4. Create a data backup plan and workflow.Consider the approved options for where your university-related files need to be stored and how you will connect to them from Linux. There are a variety of methods to connect to shared network drives in Linux either directly from the file manager window or with a command line utility. This is one of those items that is best to ask your information technology staff. They will have an understanding of the network drive protocols and if you should expect any challenges connecting from a Linux computer.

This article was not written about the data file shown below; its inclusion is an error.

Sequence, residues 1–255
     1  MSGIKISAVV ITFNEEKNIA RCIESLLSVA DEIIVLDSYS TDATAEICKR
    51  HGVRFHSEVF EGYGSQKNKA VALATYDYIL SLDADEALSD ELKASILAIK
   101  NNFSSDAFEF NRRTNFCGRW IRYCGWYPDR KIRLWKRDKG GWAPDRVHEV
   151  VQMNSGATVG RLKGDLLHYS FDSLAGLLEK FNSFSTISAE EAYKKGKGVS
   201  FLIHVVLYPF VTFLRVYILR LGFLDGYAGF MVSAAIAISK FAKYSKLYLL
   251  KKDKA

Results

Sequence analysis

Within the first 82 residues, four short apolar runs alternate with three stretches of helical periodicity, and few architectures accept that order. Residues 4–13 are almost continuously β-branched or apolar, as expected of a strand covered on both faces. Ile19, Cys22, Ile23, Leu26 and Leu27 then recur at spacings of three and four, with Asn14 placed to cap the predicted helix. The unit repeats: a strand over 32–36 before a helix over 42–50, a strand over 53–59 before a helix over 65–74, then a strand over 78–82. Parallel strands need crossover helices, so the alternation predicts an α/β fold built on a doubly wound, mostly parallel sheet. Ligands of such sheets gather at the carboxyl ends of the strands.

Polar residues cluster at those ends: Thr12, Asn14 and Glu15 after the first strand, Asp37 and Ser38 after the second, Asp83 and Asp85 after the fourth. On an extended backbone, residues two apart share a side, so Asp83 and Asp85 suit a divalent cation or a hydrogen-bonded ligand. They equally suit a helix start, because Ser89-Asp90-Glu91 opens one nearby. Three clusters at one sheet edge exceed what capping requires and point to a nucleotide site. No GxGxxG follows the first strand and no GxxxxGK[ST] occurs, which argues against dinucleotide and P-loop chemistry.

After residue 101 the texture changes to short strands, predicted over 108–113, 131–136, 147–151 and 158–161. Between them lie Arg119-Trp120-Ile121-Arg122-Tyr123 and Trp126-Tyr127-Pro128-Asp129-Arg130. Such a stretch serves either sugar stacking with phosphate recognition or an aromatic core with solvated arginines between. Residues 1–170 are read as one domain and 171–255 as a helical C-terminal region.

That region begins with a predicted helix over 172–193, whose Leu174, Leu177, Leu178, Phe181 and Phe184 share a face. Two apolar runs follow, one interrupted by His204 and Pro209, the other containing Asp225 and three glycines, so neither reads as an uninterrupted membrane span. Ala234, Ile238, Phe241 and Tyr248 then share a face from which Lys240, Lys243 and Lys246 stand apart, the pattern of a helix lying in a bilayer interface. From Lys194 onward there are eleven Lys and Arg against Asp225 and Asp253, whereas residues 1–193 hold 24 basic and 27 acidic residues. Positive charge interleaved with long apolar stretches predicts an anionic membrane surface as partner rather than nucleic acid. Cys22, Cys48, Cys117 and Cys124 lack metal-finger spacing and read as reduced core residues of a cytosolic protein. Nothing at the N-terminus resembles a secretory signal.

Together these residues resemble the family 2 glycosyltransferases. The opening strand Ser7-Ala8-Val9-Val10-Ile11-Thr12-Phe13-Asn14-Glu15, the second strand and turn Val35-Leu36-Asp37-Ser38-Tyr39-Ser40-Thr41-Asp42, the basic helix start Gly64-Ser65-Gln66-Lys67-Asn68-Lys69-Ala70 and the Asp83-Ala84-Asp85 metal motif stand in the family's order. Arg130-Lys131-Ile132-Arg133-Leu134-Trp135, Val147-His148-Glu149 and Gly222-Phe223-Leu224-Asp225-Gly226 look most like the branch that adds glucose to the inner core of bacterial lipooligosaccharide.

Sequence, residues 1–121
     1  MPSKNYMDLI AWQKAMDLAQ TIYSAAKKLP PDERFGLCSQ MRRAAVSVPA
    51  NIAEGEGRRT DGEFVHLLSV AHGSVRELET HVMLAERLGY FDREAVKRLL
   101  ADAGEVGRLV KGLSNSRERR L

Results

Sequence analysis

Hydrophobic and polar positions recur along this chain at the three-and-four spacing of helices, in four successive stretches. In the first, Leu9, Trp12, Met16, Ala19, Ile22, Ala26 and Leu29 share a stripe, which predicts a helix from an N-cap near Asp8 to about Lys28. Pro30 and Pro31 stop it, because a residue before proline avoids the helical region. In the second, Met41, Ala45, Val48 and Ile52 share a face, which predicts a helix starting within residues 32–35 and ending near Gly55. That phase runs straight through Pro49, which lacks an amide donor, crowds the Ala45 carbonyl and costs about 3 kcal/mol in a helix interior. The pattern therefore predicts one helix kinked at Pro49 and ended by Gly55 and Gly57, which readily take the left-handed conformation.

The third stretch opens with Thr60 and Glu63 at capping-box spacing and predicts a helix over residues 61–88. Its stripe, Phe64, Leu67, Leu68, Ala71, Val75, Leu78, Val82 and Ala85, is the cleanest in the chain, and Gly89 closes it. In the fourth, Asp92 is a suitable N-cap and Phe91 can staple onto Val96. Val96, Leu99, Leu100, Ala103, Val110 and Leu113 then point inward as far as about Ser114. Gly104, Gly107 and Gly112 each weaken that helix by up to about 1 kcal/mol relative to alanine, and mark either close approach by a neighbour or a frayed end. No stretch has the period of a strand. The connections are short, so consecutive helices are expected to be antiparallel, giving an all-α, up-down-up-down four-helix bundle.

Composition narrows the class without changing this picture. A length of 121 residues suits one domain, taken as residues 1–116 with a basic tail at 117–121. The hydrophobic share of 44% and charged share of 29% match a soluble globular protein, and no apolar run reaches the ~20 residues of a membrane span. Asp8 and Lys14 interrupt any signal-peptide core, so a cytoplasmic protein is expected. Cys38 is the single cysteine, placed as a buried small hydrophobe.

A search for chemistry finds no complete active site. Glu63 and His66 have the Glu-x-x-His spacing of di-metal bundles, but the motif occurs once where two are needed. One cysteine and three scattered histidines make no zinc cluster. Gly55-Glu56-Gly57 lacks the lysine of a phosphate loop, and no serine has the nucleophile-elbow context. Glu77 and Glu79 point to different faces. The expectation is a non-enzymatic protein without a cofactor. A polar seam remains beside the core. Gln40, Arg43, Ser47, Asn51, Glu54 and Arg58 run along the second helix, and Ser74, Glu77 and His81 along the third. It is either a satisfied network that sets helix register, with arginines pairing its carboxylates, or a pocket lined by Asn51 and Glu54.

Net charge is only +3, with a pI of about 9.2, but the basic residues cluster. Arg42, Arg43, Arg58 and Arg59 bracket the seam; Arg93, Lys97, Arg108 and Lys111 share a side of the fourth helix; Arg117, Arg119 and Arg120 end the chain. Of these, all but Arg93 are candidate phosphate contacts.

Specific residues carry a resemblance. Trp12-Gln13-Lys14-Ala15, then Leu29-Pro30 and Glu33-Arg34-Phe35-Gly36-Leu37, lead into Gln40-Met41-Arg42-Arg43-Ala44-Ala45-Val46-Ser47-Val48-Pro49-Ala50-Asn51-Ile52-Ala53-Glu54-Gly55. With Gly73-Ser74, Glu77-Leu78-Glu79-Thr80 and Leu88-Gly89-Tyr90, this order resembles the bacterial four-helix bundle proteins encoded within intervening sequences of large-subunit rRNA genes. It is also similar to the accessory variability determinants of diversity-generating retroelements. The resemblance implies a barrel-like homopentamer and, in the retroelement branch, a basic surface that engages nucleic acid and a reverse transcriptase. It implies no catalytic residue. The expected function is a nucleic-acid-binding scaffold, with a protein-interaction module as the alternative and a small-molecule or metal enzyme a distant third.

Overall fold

Cloud storage options like Google Drive, DropBox, Microsoft OneDrive, and Box, are readily accessible from any standard web browser. However, if you rely on syncing files and accessing files from cloud storage directly from your file manager, options in Linux will vary depending upon the cloud storage service. For Google Drive, Ubuntu Linux has a built-in online accounts option which allows you to connect and access Google Drive files directly from the file manager window. Dropbox has its own Linux desktop application, while Microsoft OneDrive and Box do not.

At UA, Box is our approved cloud storage provider. I do not often work on more than one local file a day, therefore the easiest workflow for me was to simply upload any local files to Box via a web browser at the end of each workday.